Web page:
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Why Won’t My Dryer Start? 10 Likely Reasons

man using dryer

Few things are more frustrating than throwing a basket of wet clothes into a dryer that suddenly refuses to turn on. For troubleshooting purposes, it’s important to note whether the dryer starts momentarily and then shuts off, or if no noise emanates from the machine at all.  This is because dryer repairs can be as simple as resetting the electrical breaker in your home, or as invasive as calling a repairman or even buying a new dryer depending on the issue and the quoted price. We’ll delve into common reasons your dryer isn’t starting, as well as ways you can maintain your dryer to prevent future issues.

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The 10 Reasons Your Dryer Won’t Start

1. Tripped Breaker

circuit breaker
Image By: Sutiwat Jutiamornloes, Shutterstock

If you’re running several appliances at the same time in a small area, the chances are pretty good that you’ve tripped the breaker. Hopefully, this is all that’s wrong because all you’ll need to do is reset¹ the breaker in your home.

One easy way to tell is to plug a small lamp into your dryer’s outlet and turn it on. If the lamp works, then the problem has something to do with the dryer itself. If not, then unplug and turn off everything in the affected area and try to reset the breaker to see if that solves the problem. If you’re still not getting any power, call your local electrician.

2. Broken Dryer Timer

person operating dryer
Image By: jarmoluk, Pixabay

Most dryers are equipped with timers and temperature settings to help control the dry cycles. If your timer is broken, your machine might run for a few minutes and then turn off, or it might run continually, which is a fire hazard.

Broken timers are fairly common problems that sometimes can have a DIY solution¹, but you might need to call a technician depending on the model and your comfort level. Remember, you’ll void the warranty if you damage your dryer while trying to fix it yourself. Always be certain you know what you’re doing before you pull out the toolbox.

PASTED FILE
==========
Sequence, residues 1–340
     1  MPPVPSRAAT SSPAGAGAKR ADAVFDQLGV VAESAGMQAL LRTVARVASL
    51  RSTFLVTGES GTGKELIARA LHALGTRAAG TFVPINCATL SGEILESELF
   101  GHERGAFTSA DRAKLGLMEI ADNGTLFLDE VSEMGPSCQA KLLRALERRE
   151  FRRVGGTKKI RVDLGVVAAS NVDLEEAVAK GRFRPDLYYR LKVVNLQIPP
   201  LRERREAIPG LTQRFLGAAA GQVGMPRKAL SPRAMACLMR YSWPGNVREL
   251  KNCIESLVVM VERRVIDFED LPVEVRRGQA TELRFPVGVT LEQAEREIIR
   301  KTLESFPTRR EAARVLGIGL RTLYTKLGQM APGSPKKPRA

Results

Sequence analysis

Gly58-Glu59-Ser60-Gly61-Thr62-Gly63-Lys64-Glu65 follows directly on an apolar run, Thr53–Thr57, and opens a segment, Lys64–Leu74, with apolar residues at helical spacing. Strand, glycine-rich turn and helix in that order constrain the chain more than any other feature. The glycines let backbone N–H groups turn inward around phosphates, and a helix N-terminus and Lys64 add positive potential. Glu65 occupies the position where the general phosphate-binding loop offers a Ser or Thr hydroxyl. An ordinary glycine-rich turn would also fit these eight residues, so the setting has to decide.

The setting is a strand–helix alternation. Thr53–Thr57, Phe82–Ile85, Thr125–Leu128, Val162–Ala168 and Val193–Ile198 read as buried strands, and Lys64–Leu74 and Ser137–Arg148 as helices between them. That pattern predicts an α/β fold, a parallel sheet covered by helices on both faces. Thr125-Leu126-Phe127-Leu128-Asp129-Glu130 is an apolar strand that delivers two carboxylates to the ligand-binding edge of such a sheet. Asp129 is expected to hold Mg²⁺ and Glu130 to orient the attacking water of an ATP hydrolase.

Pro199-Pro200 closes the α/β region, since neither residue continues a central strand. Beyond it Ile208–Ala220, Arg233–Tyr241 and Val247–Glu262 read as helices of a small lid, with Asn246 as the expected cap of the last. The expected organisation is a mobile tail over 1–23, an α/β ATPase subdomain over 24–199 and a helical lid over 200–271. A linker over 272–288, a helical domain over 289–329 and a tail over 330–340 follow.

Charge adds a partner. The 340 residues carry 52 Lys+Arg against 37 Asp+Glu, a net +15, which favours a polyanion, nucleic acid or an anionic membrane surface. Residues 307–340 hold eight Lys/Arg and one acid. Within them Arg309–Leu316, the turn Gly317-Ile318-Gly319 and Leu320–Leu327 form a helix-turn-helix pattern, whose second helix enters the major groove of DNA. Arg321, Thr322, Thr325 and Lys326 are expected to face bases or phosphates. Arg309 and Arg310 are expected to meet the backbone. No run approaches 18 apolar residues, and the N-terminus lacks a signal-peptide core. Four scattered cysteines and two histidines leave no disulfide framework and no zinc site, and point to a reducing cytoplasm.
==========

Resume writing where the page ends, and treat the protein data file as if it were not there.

3. Blown Thermal Fuse

Electric Fuse
Image Credit: InspiredImages, Pixabay

A thermal fuse is a relatively new part that’s designed to turn off the dryer if it reaches a certain temperature. However, if the thermal fuse is blown the dryer won’t start at all. This problem can be solved by DIY¹ or calling a technician.

4. Power Cord Problem

power cord
Image Credit: ldyshah, Pixabay

If your dryer won’t start at all, check the power cords to make sure there are no cuts or gashes. Also, never plug your dryer into an extension cord because that can short it out and potentially start a fire.

5. Start Switch Malfunction

man using washing machine
Image Credit: Elnur, Shutterstock

Press the start button and listen for any noise. If your machine is perfectly silent, there’s a good chance your start switch has died. While this is a quick and low-cost fix, you’ll probably want to call a repairman for this one.

6. Drive Motor Failure

handyman repairing the back part of a dryer
Image Credit: Penyushkina, Shutterstock